Wednesday, January 7, 2009

This week's scriptures are Psalm 29 and Mark 1:4-11.

Do you remember the old question that became repeatedly famous in both the Nixon and the last Bush administration: "What did the president know, and when did he know it?"

The story of the baptism of Jesus raises a similar question for us. "What did Jesus know about His call to present the Kingdom of God, and when did He know it?" Did He grow into His understanding? Did it come in a flash? Or was it something that was there all along?

In Jesus' milieu it was not unusual for persons to hear voices. Nor was it unusual that those voices would quote scripture. What was critical was the passage that Jesus heard. That Jesus would hear the words of Isaiah might well have helped to focus His understanding of His call. The picture that Isaiah paints of what the messiah would do and be was one of inclusivity and compassion...themes that pervade Jesus' teachings and ministry.

There are a number of reasons why these questions might be important to us. One of them has to do with the idea that Jesus experienced life like we do. Very few of us come into the world with a clear sense of who we are and what we're called to be. Some of us spend the greatest part of our lives trying to find our place. For many it takes almost a lifetime. Winston Churchill was in his 60s before he came to the task that his whole life seemed to be moving him toward...prior to that time, to call him 'unsuccessful' would be a kindness. That Jesus would come into the world with an immediate, clear understanding of who He was and what He was to do-all from the very beginning-leaves Him outside the human experience of growth and struggle.

A second reason is the fact that once He got a vision of what He was called to, Jesus followed it clearly....even when it alienated Him from the religious structures he had grown up with. Such an understanding of call, and our responsibility to it once heard, offers us a powerful example. Jesus listened; and when He heard, He obeyed.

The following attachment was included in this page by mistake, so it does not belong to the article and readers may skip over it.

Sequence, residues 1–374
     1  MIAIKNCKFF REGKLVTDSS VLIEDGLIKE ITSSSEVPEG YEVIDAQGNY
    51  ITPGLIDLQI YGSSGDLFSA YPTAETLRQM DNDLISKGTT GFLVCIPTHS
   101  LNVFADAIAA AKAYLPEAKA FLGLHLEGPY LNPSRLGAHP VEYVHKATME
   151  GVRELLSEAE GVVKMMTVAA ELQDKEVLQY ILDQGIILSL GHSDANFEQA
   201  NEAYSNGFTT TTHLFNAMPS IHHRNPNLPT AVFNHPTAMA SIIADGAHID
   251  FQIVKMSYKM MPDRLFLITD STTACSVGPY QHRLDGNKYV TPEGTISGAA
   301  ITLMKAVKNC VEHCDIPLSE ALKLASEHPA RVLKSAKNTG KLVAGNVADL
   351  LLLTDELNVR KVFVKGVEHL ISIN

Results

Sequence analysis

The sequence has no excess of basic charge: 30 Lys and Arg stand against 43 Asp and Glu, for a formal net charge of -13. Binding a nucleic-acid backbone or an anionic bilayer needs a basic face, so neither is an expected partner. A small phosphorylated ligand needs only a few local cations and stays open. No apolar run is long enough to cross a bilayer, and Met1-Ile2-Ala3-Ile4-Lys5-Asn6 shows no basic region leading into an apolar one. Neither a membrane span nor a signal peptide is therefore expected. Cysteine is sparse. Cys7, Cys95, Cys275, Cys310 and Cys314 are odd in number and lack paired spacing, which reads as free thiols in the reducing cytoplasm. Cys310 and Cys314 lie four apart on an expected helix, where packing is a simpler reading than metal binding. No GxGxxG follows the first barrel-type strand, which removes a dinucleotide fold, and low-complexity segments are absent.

We'll spend some time Sunday exploring this further. We'll also be celebrating the inclusiveness of Jesus' ministry as we gather for Communion.

I hope to see you then.


Anonymous said...

Interesting questions, Stephen! I would challenge the idea that Jesus' call was really all that clear, despite his familiarity with Isaiah.

If we do identify his experience with our own, then we know that basic (though far-reaching) instructions require great effort and thought to actually live out in all the discrete and interconnected events of our lives. Makes me think of the difference between a recipe and a cooking method (maybe Stephen's pancakes vs. Jeremy's pancakes?)

If anything, this approach makes me even more connected with Jesus' experience. We are told/asked to live a certain way (or ways) all the time by knowledgeable pastors, friends, family, scripture, books, etc. We can hardly be ignorant of it. Does that make our choice to live how we do any easier, even if we trust the promise (as you've said many times)? It involves conscious decision-making at every turn either way, I think.

I'm sorry I won't be there in person to listen this week, but I'll listen to your thoughts shortly afterward!

Anonymous said...

I'd never thought about when Jesus realized who he was; I assumed he always knew.

But you bring up a good point that that realization process could have been part of his human experience.

Well, I'm snowed in, so this is my church for the day. Thanks for the food for thought!

Anonymous said...

The anonymous one was me. I don't know why my computer did that!

Jeremy said...

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